Also check out the Portland & Western Railroad Page,
which is the line that operates the remains of this branch today.
This article also includes information and photos of three lines that connected to this railroad:
Stimson Mill Spur line out of Seghars
Willamette Valley & Coast Railroad out of Cherry Grove
-  See my article about this Railroad
Carlton & Coast Railroad out of Carlton, Oregon - See my article about this Railroad
Last Update:  February 5, 2006
Map of the Westside Branch.  
The blue dots indicate the currently active line.  The yellow dots indicate the abandoned section.
The Southern Pacific St. Joseph Branch was a connecting mainline of Southern Pacific that served both Washington and
Yamhill Counties in Oregon.    In it’s history, it had no less than 3 separate lines that branched off it and headed into the
woods as both logging and mill spur lines.  It also served a large number of rural communities.  Today, it’s but a shadow of
it’s former self and most of it is now abandoned.  

The line technically begins in Beaverton, Oregon and construction began in 1870 under the name Oregon and California railroad.  This
makes it one of the oldest branch lines in Oregon.  The line reached St. Joseph, 37 miles away, in 1872.   St. Joseph was a small, but
important agriculture community in the area.  By 1880, the line was continued south to McMinnville and eventually Corvallis.  

In 1906, a connection was built between St. Joseph and Lafayette, to allow traffic to proceed from Corvallis all the way into the Portland via
two separate routes, the Westside route, through Forest Grove (discussed here) or the Newberg route into Cook (now Tualatin).  This made
St. Joseph an important junction.

The Southern Pacific acquired the line in 1887 as part of its acquisition of the Oregon and California.   While under Southern Pacific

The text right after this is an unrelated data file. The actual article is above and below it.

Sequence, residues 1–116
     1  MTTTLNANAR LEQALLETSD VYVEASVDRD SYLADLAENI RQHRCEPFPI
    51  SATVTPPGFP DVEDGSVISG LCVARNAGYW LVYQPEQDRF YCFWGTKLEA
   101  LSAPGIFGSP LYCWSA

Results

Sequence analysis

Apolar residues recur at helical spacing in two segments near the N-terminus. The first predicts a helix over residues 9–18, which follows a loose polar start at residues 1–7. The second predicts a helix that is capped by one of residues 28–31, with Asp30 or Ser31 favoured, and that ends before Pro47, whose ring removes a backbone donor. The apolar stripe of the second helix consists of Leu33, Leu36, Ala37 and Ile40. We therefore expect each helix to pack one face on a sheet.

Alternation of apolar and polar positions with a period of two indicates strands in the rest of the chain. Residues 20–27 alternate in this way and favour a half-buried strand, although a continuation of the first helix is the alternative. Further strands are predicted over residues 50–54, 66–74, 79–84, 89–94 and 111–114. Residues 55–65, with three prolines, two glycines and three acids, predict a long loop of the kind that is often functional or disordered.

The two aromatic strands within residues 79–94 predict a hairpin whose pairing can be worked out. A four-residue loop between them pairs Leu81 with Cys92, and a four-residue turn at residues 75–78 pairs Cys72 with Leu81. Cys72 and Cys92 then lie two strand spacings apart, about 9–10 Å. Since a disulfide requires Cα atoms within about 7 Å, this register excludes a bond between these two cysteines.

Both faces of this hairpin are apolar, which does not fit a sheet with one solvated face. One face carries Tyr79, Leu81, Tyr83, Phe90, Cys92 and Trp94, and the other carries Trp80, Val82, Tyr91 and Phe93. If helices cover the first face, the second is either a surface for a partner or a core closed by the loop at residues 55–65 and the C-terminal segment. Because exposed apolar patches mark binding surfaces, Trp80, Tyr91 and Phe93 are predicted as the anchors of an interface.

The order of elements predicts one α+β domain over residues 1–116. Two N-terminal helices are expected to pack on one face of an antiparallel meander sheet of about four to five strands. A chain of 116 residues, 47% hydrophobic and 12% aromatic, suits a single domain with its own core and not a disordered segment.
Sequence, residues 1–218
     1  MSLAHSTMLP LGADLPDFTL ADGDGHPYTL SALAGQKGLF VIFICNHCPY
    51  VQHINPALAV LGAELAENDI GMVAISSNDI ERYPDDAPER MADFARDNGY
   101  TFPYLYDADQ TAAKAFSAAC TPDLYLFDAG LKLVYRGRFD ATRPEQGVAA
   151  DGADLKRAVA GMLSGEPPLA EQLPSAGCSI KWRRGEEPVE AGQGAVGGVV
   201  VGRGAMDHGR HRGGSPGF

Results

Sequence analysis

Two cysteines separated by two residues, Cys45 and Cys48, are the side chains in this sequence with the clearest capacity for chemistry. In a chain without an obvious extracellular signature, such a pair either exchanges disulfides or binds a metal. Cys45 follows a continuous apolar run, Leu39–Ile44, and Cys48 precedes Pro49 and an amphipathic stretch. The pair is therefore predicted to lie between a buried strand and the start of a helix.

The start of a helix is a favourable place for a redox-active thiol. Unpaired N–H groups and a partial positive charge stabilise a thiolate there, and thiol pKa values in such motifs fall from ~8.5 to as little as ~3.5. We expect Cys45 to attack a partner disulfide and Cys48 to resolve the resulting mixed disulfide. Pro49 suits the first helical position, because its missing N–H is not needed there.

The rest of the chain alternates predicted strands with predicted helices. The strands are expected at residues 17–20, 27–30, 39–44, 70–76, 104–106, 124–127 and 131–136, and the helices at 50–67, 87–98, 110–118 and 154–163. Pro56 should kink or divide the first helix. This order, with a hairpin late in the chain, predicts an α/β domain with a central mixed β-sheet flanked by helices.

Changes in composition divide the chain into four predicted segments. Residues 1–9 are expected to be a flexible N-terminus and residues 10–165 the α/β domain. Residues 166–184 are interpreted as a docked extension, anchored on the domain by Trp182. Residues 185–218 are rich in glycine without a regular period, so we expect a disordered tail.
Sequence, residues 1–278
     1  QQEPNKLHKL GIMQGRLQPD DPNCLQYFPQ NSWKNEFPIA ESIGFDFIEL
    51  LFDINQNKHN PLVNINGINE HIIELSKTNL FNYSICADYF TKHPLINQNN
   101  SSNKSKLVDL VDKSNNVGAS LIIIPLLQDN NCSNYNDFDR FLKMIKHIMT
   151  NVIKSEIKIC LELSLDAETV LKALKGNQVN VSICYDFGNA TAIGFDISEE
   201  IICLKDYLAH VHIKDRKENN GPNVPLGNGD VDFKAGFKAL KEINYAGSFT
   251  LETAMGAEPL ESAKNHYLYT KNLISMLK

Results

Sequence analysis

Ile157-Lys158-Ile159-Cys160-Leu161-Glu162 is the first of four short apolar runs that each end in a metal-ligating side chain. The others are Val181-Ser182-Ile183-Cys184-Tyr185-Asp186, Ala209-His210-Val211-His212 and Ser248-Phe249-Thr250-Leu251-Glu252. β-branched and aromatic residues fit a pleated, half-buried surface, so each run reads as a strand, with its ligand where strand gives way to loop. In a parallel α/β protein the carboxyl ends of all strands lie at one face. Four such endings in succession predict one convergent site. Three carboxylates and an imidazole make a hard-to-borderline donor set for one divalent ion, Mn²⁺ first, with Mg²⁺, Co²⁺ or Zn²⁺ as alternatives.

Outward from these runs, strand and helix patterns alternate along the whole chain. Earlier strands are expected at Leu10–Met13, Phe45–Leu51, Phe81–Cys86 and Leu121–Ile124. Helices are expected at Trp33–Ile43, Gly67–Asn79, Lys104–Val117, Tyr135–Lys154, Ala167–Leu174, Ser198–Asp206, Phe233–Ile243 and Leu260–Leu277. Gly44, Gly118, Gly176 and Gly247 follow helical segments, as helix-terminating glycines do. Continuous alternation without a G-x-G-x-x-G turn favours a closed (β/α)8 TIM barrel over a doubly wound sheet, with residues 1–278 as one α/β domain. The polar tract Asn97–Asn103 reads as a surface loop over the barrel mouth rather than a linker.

ownership, this line was generally known as the Westside Branch.   In 1945, the east-west trackage between Beaverton and Hillsboro was
changed to become known as the “Tillamook Branch”, since the Southern Pacific Tillamook trains generally used that route to reach
Portland.   And the Westside branch was generally the trackage from Hillsboro, through St. Joseph, to Corvallis.

The Tillamook Branch and Westside (St. Joseph) Branch meet at a large wye and station located in Hillsboro, Oregon.   Up until the 1930s,
an electric interurban train ran between Beaverton and Forest Grove, called the Red Electric.   Electric passenger trains were common on the
branch lines out of Portland.

As the line entered Forest Grove, it begins to turn directly south.  There were many little stops along the line, but the first major branch line to
be encountered, when heading south, was the Stimson Saw mill spur at Seghers.  This spur line is 2.5 miles long and serves a large mill.   
From 1932-1952, a logging RR branched west past the mill.  See below for more info.

As the Westside continued south, it immediately crossed a short bridge over Scoggins Creek.   The next major stop on the line was the town
of Patton.  Here, another branch line existed to service a sawmill and the town of Cherry Grove, called the Willamette Valley and Coast
Railroad.  The line only existed for a short period, but has a very interesting, although elusive, history.   Check out my
Willamette Valley & Coast RR article.  

The branch line was built around 1912-1913 and was about 5.4 miles long, heading west into the Patton Valley off of the Southern Pacific
mainline.  The line was built to service a large sawmill near Cherry Grove.  But in January 1914, a freak flood rushed down the Tualatin River,
and washed out the dam, log pond and destroyed part of the mill.   The entire season’s logs were lost.   The original intention was to
continue the railroad into the woods, through the Coast Range and eventually to the Oregon Coast, hence the name. But that never